• Innovation.  The CFPB states that its prior review noted the following innovation trends that could substantially impact the credit card market: (1) advancements in payment security and form factor, including the widespread adoption of EMV standards (i.e., standards for cards with computer chips and the technology used to authenticate chip-card transactions) and the possibility of wider adoption of mobile payments, and (2) the trend toward new consumer lending models potentially competing with credit cards, either indirectly through marketing for debt consolidation or directly at point-of-sale.  Questions include the degree to which either of these trends have advanced in expected or unexpected ways in the past two years and which of these trends appears likely to have the greatest impact on the consumer credit card market in the foreseeable future.
  • Secured credit cards.  With the CFPB observing that it has noted indications of increased secured card originations and increasing interest in the product by new market entrants, questions include what is the current state of the secured credit card market and what evidence supports indications of positive consumer outcomes.
  • Online and mobile accounting servicing.  The CFPB states that its prior review found that increasing numbers of consumers are enrolling in issuers’ online and mobile account servicing platforms, have opted out of receiving paper statements, and appear to rarely access their statements online.  This results in such consumers rarely encountering required disclosures.  Questions include the extent to which consumers who are making only minimum payments or have a propensity towards making late payments are not encountering disclosures and what other potential benefits or risks a broader shift to digital account servicing presents to consumers.
  • Rewards products.  Noting that its prior review identified areas of concern regarding the impact of rewards on consumer choice and credit card usage, as well as disclosure practices and program structure, questions include how market trends and practices have changed since the CFPB’s prior review and what areas of risk remain for consumers.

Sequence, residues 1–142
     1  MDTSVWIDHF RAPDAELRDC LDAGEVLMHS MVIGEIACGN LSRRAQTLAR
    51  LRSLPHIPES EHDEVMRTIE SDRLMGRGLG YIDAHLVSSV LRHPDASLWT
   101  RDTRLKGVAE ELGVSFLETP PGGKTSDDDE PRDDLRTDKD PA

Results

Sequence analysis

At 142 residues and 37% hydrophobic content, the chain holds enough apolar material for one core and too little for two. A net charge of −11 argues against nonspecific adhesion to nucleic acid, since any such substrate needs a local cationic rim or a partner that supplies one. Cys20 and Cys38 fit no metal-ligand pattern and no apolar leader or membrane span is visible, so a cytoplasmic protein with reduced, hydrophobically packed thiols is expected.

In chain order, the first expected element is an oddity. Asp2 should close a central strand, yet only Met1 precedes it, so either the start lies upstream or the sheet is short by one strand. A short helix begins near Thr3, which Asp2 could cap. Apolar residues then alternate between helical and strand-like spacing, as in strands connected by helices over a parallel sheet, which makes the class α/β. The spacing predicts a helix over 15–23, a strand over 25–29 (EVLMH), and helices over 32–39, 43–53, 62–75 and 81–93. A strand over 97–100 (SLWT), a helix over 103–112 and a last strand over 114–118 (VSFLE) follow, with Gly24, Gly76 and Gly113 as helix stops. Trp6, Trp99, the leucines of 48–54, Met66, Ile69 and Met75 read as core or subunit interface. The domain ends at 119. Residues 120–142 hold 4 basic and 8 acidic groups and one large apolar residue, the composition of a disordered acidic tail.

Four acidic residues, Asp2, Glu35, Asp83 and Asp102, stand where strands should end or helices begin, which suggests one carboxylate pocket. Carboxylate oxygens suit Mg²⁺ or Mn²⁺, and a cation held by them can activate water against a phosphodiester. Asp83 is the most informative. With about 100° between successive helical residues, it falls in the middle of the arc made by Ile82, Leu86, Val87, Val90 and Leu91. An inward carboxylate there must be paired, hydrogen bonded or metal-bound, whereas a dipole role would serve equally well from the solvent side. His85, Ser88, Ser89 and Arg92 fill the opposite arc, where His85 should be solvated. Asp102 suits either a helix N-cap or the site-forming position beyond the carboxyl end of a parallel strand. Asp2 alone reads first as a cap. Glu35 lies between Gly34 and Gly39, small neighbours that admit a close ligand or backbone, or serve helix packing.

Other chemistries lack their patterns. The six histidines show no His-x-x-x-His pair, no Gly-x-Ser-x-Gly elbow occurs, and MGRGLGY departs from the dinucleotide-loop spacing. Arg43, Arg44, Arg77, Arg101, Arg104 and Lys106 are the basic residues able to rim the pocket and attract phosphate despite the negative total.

• Variable interest rates.  Noting that its prior review found that most credit cards now have variable interest rates that will rise when market rates rise (something widely expected to happen soon), questions include the extent to which consumers are aware that their interest rates will increase on outstanding card balances when market rates increase and what practices are issuers using to inform consumers of such rate increases.
  • Debt collection.  Noting that its prior review examined the policies and practice of issuers’ collection practices and debt sales, questions include what changes have been made in such policies and practices since the CFPB’s last review, what drove such changes, and what associated metrics changed as a result.

 

 

The CFPB announced that it has entered into a consent order with First National Bank of Omaha to settle charges that the bank engaged in unfair or deceptive acts or practices in connection with the marketing and sale of credit card add-on products and the billing of consumers for such products.  The consent order requires the bank to pay at least $27.75 million to provide restitution to approximately 257,000 consumers. The restitution will include the full amount paid for the products, plus any associated late fees, over-limit fees, and finance charges.  In addition, the bank must pay a $4.5 million civil money penalty to the CFPB.

The CFPB’s announcement stated that its enforcement action was conducted in coordination with the Office of the Comptroller of the Currency (OCC), which entered into a separate consent order with the bank.  According to the CFPB, its enforcement action represents “the eighth action the Bureau has taken in coordination with another regulator to address illegal practices with respect to credit card add-on products and the 12th action the Bureau has taken in total to address these practices.”

The CFPB’s consent order states that from approximately 2002 until August 2013, the bank marketed debt cancellation products to its credit card holders and, from approximately December 1997 to September 2012, it marketed credit monitoring/identity theft protection products to its cardholders.  According to the consent order, the bank engaged in deceptive or unfair acts or practices in violation of the Consumer Financial Protection Act (which violations the bank does not admit or deny) that included the following:

  • Misrepresenting the length of the card activation process to cause consumers to listen to solicitations for debt cancellation products and misrepresenting the existence of a purchase transaction when obtaining consumer consent
  • Misrepresenting the terms, exclusions and benefits of the debt cancellation products through conduct that included failing to inform cardholders or correct confusion on the part of cardholders who had disclosed information suggesting they would be ineligible for some product benefits (such as that they were retired, self-employed or employed for less than 30 hours a week)
  • Misrepresenting the ease of cancelling debt cancellation products by conduct that included instructing representatives to attempt to rebut cardholder cancellation requests, thereby causing consumers to be unable to cancel without making multiple demands for cancellation